The sense organ predominantly associated with this perception is touch, as will be illustrated in the latter part of the paper. The sense of touch has been identified as the deepest one by Democritus. Aristotle allies it with common sense and declares it as one indispensable for the maintenance of life and yet susceptible to the grossest sensations in De Sensu et Sensibilibus and elsewhere. He locates it in the interior in order to avoid localizing it to a particular organ, unlike the other senses. While the optic has often been allied with pure intelligibility, as in the ‘natural light’ of Descartes, the haptic has been understood as the most sensible and corporeal of perceptions. The difference between long distance disembodied vision and immediate tactile perception has been underscored by art critics like Herder or closer to our time by Alois Riegl or Deleuze and Guattari. And although aesthetics as a branch of philosophy is generally understood to focus on the visual aspect of art objects, the etymological suggestions of ‘aesthetics’ relate to sensory cognition as such. Seremetakis in her etymological reflections notes that aesthema (emotion-feeling) and aesthetiki which comes to be aesthetics are both derived from aesthenome which is translated as a sensory grasp or understanding. The relationship between sense perception and aesthetics seems to be intrinsic.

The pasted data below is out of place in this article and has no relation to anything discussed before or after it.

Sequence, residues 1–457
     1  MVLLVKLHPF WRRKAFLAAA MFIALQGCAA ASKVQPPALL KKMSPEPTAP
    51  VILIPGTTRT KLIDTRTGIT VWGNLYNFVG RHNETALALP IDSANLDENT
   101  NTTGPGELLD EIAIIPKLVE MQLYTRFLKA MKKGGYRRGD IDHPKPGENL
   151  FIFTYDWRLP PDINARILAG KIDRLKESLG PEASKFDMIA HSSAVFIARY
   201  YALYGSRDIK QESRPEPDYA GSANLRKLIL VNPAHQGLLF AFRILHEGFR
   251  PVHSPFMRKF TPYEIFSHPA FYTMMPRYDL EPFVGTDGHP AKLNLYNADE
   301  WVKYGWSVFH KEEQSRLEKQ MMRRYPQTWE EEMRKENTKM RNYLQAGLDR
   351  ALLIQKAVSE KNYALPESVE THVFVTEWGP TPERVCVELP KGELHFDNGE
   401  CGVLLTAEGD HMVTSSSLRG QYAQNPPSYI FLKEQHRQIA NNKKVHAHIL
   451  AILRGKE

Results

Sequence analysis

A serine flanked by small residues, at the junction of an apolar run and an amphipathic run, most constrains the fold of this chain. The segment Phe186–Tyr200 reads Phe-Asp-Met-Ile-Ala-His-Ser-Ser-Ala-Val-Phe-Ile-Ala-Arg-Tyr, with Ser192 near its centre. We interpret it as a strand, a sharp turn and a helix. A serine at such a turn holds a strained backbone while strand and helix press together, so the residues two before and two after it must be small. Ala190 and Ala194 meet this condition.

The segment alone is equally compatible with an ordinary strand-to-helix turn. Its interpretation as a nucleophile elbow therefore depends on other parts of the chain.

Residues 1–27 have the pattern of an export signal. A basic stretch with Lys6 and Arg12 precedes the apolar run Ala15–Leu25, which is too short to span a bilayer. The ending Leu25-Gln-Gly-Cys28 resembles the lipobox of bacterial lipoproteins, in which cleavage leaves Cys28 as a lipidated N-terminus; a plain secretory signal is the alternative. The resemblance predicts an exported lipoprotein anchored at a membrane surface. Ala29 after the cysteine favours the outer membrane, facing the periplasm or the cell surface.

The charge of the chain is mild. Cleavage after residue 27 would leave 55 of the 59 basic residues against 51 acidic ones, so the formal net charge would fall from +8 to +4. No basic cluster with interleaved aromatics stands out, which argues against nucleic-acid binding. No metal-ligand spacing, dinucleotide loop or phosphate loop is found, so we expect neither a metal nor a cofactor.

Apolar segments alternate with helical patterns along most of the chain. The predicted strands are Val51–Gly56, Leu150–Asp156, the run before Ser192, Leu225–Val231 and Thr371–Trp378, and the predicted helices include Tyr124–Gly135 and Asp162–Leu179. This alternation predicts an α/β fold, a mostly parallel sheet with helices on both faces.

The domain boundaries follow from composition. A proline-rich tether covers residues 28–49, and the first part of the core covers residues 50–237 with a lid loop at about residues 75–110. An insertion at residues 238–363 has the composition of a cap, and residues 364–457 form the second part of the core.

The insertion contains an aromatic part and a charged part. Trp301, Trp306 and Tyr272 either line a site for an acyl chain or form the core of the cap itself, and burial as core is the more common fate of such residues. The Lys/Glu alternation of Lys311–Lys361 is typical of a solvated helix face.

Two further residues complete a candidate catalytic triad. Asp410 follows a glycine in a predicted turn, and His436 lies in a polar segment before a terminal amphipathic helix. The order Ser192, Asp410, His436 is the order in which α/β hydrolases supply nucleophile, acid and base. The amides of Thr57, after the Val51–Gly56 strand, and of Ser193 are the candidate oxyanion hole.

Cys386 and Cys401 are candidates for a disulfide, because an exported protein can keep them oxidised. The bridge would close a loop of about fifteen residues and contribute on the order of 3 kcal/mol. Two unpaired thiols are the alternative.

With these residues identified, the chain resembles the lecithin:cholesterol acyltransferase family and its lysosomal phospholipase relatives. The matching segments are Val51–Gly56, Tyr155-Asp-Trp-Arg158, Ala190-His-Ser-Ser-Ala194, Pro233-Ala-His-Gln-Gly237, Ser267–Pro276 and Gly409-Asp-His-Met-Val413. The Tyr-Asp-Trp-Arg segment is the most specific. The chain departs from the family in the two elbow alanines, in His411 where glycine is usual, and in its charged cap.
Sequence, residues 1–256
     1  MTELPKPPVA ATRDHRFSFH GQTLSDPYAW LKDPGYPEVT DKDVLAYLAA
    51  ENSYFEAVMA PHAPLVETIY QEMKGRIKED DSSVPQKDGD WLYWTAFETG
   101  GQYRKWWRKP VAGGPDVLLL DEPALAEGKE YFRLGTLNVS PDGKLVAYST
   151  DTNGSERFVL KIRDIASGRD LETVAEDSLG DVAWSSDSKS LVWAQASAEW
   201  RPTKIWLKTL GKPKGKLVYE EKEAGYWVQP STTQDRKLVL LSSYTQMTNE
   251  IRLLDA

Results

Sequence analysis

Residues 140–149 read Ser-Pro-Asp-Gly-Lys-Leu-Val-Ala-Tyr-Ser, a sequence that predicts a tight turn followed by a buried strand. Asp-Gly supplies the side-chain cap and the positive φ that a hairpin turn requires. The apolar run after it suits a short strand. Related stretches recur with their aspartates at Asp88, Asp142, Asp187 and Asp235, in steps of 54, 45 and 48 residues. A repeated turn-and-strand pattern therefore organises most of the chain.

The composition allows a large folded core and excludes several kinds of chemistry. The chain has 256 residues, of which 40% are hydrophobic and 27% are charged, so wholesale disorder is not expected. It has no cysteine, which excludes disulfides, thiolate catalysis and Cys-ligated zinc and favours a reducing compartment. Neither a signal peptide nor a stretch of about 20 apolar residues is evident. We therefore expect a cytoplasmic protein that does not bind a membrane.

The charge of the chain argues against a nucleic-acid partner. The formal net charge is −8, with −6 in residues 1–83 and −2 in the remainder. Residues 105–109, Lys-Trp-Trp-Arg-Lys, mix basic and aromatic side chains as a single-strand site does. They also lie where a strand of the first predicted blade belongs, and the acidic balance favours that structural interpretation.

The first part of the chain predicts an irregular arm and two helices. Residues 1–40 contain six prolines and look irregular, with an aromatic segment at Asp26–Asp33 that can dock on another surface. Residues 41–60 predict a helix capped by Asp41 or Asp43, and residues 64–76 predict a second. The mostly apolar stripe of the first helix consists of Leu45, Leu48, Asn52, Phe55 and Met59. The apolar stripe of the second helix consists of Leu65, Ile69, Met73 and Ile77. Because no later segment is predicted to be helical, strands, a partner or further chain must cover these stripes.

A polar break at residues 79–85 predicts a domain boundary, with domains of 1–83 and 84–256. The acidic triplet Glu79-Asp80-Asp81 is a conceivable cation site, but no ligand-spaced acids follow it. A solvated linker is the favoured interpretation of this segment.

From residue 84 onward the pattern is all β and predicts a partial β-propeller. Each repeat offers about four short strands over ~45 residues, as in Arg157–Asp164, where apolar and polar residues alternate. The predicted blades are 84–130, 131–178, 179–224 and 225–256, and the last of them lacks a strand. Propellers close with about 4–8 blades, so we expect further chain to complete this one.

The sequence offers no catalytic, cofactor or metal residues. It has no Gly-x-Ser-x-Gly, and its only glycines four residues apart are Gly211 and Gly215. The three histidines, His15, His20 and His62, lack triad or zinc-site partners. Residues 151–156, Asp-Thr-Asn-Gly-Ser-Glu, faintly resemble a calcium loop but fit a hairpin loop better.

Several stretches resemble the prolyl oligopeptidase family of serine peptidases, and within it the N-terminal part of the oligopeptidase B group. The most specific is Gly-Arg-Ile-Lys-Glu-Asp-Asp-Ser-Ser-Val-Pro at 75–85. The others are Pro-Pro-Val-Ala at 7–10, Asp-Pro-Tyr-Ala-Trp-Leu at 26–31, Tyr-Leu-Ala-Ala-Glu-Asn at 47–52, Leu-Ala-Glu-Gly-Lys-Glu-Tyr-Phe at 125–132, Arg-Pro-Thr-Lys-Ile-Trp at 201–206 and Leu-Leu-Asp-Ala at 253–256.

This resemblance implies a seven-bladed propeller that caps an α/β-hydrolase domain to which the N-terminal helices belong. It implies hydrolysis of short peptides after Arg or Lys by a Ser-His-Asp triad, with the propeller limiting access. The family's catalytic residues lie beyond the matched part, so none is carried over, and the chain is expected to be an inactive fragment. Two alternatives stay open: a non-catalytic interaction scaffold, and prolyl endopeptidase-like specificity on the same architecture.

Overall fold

The central image of hand-clasping resonates throughout In Memoriam as the pointer of the movement from the despair of irreparable loss to the jubilation at a regained intimacy. This intimacy vindicates the aesthetic enterprise rather than the traditional arguments about memory and the immortality of the soul that are constantly undercut in the poem through references to the recent scientific discoveries. Consider this vital shift in the haptic perception of the companion poems: poem 7 and poem 119, for instance. In the earlier poem a distraught poet laments his loss: ‘A hand that can be clasp’d no more –’, whereas in the latter poem the loss is overcome in the identical setting as: ‘I take the pressure of thine hand’, enabling the poetic persona a glimpse into the happy memory. This encounter is beyond flesh; yet the images have strong sensory overtones and suggest the embodied nature of such an experience. This ‘touch’ from the memory can be contrasted with the luminous ‘eternal landscape from the past’, illuminated by the beacon of unearthly love in section 46 that is essentially separated from the present moment. Interestingly enough, the regaining of an intimate and immediate touch is accompanied by the olfactory sensation of the meadow in a street of a sleeping city and a visual one of the friend’s bright eye. The way the sense of touch accommodates other modes of sense perception points to the complex interdependence of the various senses in aesthetic experience. Deleuze and Guattari have argued against any simple opposition between optical and tactile sensations and preferred the term ‘haptic’ over ‘tactile’ to denote the entire field of sensory perceptions. And the entire range of references to this haptic perception is very broad. The ‘hand’ reaches out through ‘time’ (section 72) and ‘nature’ (section 124). This perception makes a personal poem of mourning an expiatory public poem. The disturbing dreams of section 69: ‘I dreamed there would be spring no more,’ captures the expiatory function of the poetic persona who, in his personal grief, suffers for humanity: ‘The fool that wears a crown of thorns’. The poet becomes a Christ figure, a solitary individual who can share his suffering through art and touch all the hearts in pain. And as the dead friend touches the thorns they turn into laurel leaves, anticipating the crowning ceremony of the poet laureate to be